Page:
Moyse's Hall interior.
Moyse's Hall interior early 1900s

Moyse's Hall Museum

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Picture Page 1

Medieval items

Moyse's Hall interior after 2001.
Moyse's Hall interior today
Click images to enlarge

This is a pommel from an anglo-saxon dagger. It is intricateley carved in the old pagan manner.

The Fornham Sword was found at one of the Fornhams, and is believed to date back to the Battle of Fornham in 1173. Its find site is a little unclear, but it was found before 1876, possibly in a muddy ditch near the water mill at Fornham St Martin. One side has the inscription "SES BENEDIC TAS", and the other, "+ I NOMINE DOMIN" or 'Be thou blessed / In the name of the Lord'.

This carving of a monk reading from the bible is 14th or 15th century, and was found within the grounds of the Abbey of St Edmund.

This is a misericord from the monastic period ending c 1539. It was a tip-up seat for standing monks to lean on during long services. They were often highly carved as is this example.

Medieval objects. The large wooden object is a ceiling boss depicting a "Green Man", possibly 14th or 15th century. Two jugs are 14th century unglazed earthenware from Soham. The partly lead glazed mug is 15th century. 14 is a steelyard weight in bronze with the arms of the De Clare family. Edmund, Duke Cornwall, married Margaret de Clare in 1272, and as Master of the Mint, Edmund had a monopoly on weight production. Edmund died in 1300. This weight was found at Fordham.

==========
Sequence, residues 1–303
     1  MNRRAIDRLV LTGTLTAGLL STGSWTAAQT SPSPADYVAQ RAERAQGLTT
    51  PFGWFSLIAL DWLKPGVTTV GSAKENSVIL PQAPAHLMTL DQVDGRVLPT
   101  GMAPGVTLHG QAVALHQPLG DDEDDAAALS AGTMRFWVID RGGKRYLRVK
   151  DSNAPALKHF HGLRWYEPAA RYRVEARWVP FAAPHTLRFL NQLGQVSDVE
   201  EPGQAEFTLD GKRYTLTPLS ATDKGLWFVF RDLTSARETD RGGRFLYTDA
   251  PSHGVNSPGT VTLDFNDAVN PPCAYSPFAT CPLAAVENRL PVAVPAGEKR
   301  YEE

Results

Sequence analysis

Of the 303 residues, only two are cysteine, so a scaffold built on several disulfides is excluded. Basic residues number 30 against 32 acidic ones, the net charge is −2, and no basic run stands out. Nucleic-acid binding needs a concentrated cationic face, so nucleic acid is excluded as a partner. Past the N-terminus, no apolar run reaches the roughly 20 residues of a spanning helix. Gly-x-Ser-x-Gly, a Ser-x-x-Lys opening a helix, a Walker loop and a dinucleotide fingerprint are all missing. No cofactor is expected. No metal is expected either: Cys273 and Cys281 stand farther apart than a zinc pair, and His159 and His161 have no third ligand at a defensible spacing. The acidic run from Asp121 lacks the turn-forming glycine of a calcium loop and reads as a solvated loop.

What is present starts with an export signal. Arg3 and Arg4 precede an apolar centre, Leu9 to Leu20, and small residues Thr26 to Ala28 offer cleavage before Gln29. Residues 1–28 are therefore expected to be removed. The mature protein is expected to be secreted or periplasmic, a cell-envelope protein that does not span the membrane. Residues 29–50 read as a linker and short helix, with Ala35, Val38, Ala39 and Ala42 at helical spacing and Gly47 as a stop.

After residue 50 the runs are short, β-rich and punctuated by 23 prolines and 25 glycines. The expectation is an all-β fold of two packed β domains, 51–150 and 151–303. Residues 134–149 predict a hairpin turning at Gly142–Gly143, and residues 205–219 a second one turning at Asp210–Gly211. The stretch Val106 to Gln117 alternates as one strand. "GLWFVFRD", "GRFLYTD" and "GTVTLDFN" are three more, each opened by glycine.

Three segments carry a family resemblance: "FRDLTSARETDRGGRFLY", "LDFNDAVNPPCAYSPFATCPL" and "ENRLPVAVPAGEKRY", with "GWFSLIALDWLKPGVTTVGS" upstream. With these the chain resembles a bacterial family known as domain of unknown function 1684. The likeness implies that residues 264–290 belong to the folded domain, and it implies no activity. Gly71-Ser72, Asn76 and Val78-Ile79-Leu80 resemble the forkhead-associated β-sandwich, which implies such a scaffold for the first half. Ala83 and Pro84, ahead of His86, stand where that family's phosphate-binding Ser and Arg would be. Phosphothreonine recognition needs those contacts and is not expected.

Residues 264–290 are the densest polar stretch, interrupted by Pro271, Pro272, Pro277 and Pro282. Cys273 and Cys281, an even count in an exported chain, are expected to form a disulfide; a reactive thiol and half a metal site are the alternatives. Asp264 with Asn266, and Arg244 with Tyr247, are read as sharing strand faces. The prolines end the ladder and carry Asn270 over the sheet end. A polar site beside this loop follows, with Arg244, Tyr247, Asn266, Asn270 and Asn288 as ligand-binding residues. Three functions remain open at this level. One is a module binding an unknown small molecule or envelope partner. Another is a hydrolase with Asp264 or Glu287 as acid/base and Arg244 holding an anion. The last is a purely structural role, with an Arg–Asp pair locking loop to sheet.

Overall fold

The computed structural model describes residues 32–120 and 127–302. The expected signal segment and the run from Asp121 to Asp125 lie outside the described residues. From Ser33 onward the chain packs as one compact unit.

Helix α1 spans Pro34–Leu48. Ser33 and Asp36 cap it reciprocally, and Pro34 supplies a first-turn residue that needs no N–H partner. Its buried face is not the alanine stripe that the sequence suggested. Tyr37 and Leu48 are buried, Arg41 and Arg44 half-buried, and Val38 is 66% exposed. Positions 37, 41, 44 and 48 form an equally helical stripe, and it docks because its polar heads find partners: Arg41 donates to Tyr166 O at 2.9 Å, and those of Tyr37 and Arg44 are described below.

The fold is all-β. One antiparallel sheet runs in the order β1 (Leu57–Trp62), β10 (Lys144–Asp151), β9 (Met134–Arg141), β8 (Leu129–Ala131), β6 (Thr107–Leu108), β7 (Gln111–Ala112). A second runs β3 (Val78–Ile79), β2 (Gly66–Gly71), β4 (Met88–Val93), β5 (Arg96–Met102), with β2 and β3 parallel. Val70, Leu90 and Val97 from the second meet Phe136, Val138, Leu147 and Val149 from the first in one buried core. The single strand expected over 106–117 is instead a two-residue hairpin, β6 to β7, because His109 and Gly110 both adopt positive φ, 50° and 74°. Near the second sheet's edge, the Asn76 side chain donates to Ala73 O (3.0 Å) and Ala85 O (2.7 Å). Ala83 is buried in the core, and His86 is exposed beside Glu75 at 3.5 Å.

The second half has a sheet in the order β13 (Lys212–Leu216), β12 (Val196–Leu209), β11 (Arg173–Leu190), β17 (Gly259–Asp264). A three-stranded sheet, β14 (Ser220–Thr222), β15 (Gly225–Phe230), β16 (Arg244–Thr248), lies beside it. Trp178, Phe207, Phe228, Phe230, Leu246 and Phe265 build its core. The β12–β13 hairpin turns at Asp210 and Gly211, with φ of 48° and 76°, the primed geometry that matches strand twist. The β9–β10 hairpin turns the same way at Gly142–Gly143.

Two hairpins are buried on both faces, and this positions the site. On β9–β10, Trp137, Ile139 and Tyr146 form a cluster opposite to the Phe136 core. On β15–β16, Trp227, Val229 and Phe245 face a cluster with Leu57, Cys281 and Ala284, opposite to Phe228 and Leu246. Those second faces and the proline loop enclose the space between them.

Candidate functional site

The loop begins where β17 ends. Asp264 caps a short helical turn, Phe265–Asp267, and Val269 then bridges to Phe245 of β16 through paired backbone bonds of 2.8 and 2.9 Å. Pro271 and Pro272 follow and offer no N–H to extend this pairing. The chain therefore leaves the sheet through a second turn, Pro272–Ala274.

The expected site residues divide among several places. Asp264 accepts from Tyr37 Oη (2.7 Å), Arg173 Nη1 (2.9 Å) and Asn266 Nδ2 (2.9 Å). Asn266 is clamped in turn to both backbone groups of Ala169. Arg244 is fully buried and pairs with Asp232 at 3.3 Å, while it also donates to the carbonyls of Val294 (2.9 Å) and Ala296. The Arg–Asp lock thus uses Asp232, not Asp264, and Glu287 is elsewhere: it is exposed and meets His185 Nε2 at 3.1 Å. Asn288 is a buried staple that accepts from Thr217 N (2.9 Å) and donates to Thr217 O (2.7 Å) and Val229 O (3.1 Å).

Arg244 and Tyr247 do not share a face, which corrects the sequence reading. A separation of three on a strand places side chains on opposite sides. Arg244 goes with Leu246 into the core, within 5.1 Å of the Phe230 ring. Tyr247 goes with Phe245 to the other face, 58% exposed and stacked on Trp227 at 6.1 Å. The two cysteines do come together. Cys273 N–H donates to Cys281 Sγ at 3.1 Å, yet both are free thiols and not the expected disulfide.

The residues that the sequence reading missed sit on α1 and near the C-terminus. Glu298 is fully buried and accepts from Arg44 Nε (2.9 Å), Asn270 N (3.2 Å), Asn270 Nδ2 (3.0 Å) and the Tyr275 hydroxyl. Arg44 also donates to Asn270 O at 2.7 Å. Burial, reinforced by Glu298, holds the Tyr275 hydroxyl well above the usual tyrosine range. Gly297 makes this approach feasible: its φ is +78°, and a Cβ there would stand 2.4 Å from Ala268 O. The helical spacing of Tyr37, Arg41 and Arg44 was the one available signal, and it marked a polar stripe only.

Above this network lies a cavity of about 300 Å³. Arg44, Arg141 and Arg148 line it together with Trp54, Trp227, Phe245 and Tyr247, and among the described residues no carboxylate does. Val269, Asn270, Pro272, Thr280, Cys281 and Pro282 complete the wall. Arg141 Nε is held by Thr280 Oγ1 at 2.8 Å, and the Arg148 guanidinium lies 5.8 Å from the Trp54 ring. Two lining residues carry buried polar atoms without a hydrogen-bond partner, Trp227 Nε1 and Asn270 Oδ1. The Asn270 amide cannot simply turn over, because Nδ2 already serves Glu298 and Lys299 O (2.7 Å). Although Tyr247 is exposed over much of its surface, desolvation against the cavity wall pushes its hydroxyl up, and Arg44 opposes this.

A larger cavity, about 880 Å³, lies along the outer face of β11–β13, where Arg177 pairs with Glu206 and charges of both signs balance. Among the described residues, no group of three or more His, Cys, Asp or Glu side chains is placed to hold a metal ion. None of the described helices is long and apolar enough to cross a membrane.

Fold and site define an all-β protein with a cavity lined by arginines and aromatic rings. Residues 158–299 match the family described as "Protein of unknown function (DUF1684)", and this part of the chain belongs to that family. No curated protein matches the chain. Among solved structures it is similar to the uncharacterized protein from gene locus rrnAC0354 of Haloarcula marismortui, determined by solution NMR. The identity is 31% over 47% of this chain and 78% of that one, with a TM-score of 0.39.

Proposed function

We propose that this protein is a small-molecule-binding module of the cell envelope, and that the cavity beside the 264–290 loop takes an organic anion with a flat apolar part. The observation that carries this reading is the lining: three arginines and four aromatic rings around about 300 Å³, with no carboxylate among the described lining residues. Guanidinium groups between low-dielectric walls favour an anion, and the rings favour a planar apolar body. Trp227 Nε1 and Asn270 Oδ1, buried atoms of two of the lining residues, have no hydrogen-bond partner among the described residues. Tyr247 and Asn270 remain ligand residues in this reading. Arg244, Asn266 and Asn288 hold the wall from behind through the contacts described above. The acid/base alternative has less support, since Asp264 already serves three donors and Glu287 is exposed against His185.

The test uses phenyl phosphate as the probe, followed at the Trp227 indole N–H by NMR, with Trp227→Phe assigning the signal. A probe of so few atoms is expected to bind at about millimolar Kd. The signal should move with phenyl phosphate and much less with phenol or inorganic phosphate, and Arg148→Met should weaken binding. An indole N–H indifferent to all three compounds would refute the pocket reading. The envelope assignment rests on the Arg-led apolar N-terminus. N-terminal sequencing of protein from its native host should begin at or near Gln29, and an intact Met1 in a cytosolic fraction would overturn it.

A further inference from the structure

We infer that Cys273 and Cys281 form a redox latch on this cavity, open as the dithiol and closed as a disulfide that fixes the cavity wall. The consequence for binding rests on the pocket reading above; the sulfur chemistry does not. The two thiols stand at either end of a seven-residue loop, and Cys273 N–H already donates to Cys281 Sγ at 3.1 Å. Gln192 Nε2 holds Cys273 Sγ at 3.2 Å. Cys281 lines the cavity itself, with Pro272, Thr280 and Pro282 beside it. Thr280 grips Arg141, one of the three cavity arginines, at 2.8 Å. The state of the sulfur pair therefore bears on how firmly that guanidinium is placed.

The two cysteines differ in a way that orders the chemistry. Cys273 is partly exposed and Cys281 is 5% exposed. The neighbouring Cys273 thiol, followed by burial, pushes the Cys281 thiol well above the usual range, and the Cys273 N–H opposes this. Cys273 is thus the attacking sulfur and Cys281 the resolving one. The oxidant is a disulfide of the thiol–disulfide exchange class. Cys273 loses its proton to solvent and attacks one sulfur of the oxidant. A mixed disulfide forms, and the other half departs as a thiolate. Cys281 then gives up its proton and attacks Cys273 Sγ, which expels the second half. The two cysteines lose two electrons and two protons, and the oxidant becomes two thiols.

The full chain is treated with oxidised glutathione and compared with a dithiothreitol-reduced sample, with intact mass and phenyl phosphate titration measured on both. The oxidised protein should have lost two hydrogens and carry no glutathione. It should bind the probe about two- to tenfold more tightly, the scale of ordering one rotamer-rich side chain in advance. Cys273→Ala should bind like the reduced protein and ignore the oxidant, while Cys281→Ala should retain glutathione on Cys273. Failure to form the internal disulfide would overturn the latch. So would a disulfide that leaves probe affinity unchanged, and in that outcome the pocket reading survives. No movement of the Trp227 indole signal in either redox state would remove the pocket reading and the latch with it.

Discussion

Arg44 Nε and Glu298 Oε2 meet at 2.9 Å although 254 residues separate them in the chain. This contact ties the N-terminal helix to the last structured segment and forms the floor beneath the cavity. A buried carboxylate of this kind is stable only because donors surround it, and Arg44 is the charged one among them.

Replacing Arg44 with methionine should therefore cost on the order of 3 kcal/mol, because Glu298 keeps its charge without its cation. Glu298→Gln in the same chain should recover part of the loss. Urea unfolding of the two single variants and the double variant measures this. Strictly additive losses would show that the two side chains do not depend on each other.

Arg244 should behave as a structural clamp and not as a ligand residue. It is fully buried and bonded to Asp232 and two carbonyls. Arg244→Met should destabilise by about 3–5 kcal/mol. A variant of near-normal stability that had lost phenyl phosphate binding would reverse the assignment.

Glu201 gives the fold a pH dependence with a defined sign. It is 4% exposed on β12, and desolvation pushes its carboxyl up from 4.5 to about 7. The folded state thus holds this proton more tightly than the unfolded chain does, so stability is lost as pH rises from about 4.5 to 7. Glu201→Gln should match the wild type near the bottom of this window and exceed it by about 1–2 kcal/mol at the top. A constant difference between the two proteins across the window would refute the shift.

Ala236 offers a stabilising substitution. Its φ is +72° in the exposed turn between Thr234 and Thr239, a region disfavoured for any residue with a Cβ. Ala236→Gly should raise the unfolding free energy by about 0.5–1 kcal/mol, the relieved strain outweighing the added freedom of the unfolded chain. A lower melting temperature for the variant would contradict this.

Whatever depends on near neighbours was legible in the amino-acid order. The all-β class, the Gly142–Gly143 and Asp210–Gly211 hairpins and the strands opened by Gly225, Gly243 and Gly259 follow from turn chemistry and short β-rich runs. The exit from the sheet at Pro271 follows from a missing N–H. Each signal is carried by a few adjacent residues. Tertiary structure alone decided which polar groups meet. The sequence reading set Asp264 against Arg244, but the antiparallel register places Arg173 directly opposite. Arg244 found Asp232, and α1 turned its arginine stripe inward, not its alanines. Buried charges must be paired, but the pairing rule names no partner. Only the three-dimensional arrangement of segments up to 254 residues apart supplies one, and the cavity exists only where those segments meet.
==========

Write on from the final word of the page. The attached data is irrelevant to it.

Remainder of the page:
This bronze mortar is from the foundry of Stephen Tonni, and is dated 1577. After the reformation church bells were discouraged, and Tonni's bell foundry turned to the production of domestic objects. This mortar includes the initials TEE, probably relating to its owner, and may have been for alchemical use or for mixing gunpowder, rather than in the kitchen.

This is a painting of the Cellerar's window at St Edmund's Abbey. It is dated circa 1560, and was therefore painted after the destruction of the abbey.

This water tank, from the Abbey of St Edmund, has an inscription which reads,
"Your long hunt for a drink had better end here man and for all gifts thank the Lord."

This carved stone head comes from the Abbey of St Edmund, and dates to about 1140. It was found as part of a wall in 1994, and so may come from the period in the 1430s when the West Front collapsed. Broken stones were simply incorporated into the rubble infill of the newly rebuilt West Front.

Bell founders had a hard time after the Reformation. By 1576 it was accepted that churches needed bells, and this one was made by Stephen Tonni of Bury St Edmunds. It came from St Mary's church at Walsham le Willows, and is irrepairable because of a crack.

Abbot Samson of Bury Abbey died in 1211, after being Abbot since 1182. This silver gilt band adorned his abbot's staff or crozier, and was found when his grave was opened in 1903.

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